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Richmond council panel punts on property tax decision

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Three dueling proposals for Richmond’s real estate tax rate came before the City Council’s Finance Committee, and three made it out without any recommendation for the full council to act.

All three, including two that would reduce the rate, would have increased tax bills for many Richmond homes next year after this year’s average 13% increase in real estate tax assessments. The amount people pay in taxes is based on the rate and the assessed value.

Finance Committee Chair Michael Jones said it would be wrong to recommend any of the three without knowing how any would affect the city’s ability to pay for services. So it will be up to the full council to decide between keeping the rate at $1.20 per $100 of assessed value, or cutting the rate to $1.16 or $1.10.

For a house assessed at the current median sales price of $325,000, the $1.20 tax rate means an annual bill next year of $3,900.

The $1.16 rate would mean a $3,770 annual tax bill, while the $1.10 rate would mean an annual tax of $3,575.

If that same home had appreciated as much in value as the citywide average 13%, it has been paying an annual tax of $3,451.

“Right now, the administration can’t tell me what would be cut and what the impact would be,” said Jones, complaining that a presentation detailing Mayor Levar Stoney’s proposal to keep the rate at $1.20 came too late to give the committee time to study it.

The mayor will also propose a one-time tax rebate equivalent to 4 cents per $100 of value to give taxpayers some relief, said Chief Administrative Officer Lincoln Saunders.

But it would be a bad idea to cut the rate now, he added.

With a recession looming, that could put the city at risk of cutting services or raising the tax rate as real estate values tumbled — exactly what happened to several Virginia cities after the Great Recession of 2009, he said.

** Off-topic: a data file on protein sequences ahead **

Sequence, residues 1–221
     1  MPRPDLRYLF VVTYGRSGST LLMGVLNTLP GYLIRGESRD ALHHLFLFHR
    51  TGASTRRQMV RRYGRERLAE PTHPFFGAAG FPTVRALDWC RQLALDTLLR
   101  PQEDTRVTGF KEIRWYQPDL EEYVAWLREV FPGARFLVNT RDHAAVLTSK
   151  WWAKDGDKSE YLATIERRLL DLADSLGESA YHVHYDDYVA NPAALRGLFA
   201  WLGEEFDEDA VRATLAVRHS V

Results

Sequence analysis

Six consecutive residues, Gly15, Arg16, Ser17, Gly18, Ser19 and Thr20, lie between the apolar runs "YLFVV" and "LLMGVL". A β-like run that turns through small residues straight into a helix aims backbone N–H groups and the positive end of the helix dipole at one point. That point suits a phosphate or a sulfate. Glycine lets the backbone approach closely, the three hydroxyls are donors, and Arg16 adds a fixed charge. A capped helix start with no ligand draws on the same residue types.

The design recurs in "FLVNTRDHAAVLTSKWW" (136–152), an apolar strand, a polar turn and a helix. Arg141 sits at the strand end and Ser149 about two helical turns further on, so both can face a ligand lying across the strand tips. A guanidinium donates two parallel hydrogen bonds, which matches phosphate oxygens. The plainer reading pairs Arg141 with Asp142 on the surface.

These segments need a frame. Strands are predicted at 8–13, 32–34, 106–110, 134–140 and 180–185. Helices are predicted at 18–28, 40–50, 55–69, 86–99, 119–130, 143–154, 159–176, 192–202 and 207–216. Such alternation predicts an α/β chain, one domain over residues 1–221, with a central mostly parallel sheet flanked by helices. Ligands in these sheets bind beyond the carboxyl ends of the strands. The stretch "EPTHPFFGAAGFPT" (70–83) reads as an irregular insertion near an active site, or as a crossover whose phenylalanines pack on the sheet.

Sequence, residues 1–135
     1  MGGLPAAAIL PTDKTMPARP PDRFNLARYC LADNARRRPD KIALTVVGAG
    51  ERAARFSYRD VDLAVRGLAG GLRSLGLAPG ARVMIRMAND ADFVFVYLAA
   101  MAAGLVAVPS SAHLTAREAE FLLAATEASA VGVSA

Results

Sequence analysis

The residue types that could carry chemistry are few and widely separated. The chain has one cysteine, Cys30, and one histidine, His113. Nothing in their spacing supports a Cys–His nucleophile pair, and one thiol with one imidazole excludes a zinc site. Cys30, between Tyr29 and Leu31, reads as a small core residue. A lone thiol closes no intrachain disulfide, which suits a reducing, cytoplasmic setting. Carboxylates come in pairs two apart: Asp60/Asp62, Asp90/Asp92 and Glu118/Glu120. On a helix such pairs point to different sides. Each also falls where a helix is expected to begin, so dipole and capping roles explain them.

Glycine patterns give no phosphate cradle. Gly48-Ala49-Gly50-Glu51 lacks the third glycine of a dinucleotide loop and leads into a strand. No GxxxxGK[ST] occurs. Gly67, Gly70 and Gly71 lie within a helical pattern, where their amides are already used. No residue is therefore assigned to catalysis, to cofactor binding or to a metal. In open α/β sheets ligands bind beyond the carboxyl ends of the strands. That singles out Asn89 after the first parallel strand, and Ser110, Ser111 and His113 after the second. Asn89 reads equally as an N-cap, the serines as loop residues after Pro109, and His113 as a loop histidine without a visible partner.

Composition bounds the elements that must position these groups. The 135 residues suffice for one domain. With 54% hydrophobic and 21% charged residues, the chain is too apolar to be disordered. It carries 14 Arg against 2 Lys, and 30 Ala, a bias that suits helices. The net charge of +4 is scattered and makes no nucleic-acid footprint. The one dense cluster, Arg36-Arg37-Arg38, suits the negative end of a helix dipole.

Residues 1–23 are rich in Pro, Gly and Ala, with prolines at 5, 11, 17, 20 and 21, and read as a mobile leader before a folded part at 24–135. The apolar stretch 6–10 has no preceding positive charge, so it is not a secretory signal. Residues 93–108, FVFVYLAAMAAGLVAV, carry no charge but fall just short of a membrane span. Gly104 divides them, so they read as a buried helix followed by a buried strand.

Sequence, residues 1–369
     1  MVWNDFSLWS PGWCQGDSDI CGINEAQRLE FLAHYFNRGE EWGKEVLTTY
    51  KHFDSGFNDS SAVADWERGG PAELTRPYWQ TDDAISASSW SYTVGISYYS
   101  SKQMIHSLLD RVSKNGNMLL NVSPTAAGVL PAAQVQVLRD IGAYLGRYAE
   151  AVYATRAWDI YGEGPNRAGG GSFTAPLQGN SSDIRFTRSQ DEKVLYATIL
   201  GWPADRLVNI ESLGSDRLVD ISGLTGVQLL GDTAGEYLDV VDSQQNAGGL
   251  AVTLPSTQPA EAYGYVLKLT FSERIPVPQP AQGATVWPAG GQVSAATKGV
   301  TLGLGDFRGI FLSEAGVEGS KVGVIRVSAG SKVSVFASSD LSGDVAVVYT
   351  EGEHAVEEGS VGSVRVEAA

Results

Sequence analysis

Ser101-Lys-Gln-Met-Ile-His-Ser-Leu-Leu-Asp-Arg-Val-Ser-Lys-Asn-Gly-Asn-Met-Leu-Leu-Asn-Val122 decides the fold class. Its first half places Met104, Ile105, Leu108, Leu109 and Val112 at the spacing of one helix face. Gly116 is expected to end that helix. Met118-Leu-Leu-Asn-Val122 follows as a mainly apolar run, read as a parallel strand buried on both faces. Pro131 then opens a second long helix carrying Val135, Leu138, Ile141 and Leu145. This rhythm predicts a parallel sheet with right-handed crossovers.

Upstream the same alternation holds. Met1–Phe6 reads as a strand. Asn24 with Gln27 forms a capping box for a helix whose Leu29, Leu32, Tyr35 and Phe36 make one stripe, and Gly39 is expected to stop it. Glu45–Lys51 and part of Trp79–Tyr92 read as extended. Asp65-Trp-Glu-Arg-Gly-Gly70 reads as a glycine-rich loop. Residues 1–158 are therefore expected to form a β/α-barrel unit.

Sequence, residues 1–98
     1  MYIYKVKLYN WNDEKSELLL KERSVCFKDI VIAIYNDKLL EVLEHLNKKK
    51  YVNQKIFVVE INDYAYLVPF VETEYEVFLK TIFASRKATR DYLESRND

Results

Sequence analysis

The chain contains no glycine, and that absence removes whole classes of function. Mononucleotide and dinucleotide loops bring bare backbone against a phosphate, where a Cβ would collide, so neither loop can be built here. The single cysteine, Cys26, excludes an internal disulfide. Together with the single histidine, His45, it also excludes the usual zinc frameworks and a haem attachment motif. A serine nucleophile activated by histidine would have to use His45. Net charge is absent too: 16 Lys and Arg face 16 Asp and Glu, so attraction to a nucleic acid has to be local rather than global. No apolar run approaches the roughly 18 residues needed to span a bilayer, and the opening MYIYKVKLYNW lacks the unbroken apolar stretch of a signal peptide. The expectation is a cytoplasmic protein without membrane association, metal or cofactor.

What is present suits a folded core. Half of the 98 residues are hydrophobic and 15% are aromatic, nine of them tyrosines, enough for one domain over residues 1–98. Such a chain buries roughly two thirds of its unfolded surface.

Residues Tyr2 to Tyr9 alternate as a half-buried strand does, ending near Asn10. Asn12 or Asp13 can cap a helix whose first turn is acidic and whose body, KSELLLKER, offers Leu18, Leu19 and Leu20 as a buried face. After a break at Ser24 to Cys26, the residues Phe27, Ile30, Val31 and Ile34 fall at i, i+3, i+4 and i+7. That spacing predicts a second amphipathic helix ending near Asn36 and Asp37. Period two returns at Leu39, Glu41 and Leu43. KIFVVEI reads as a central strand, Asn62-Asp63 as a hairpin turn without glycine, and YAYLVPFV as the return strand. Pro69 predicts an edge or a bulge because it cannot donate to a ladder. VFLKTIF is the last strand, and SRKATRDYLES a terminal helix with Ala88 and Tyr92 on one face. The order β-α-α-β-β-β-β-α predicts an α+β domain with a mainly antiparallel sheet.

This year’s sudden upsurge in inflation, and the city’s hopes to bring its out-of-sync budget-writing and tax-assessment cycles in line, meant the impact of a rate cut now was all the more uncertain, he said.

Councilwoman Kristen Nye, meanwhile, proposed cutting the rate by 4 cents, to $1.16 per $100 value, noting that the current budget was based on a spring forecast that this year’s reassessment of real estate would show a more modest 9.25% increase.

“We said we’d budget at 9.25 and we saw 13%. We can afford 4 cents. That’s where we started out our budget. I feel it is fair. I think we need relief,” she said.

Jones said he had suggested a $1.16 rate when the council considered the current budget this spring and that the budget would have been balanced at that rate.

“But I know if there are cuts, my district is one of the ones that sees the worst of them,” he said.

Councilwoman Reva Trammell proposed a sharper rate cut to $1.10, noting that it was still 3 cents more than the $1.07 rate that would keep city revenue flat next year.

“We’d still have 3 cents … our taxes are way too high,” she said.

“People think we’re being selfish … that we’re greedy, greedy, greedy,” Trammell said.

This year’s assessment jump is the latest in a series that have sent many residents’ tax bills soaring.

Janice Carter-Lovejoy told the committee that her real estate taxes have increased 65% since buying her home in 2017.

“People want to stay in the city and embrace the city’s improvements,” she said. “Don’t push us out.”

Deborah Fisk said most of her neighbors have had assessments rise 22% in the latest round.

“We are hurting terribly with the assessment and the rates. You put undue pain in families that are really hurting,” she said.

(804) 649-6948

Twitter: @daveress1


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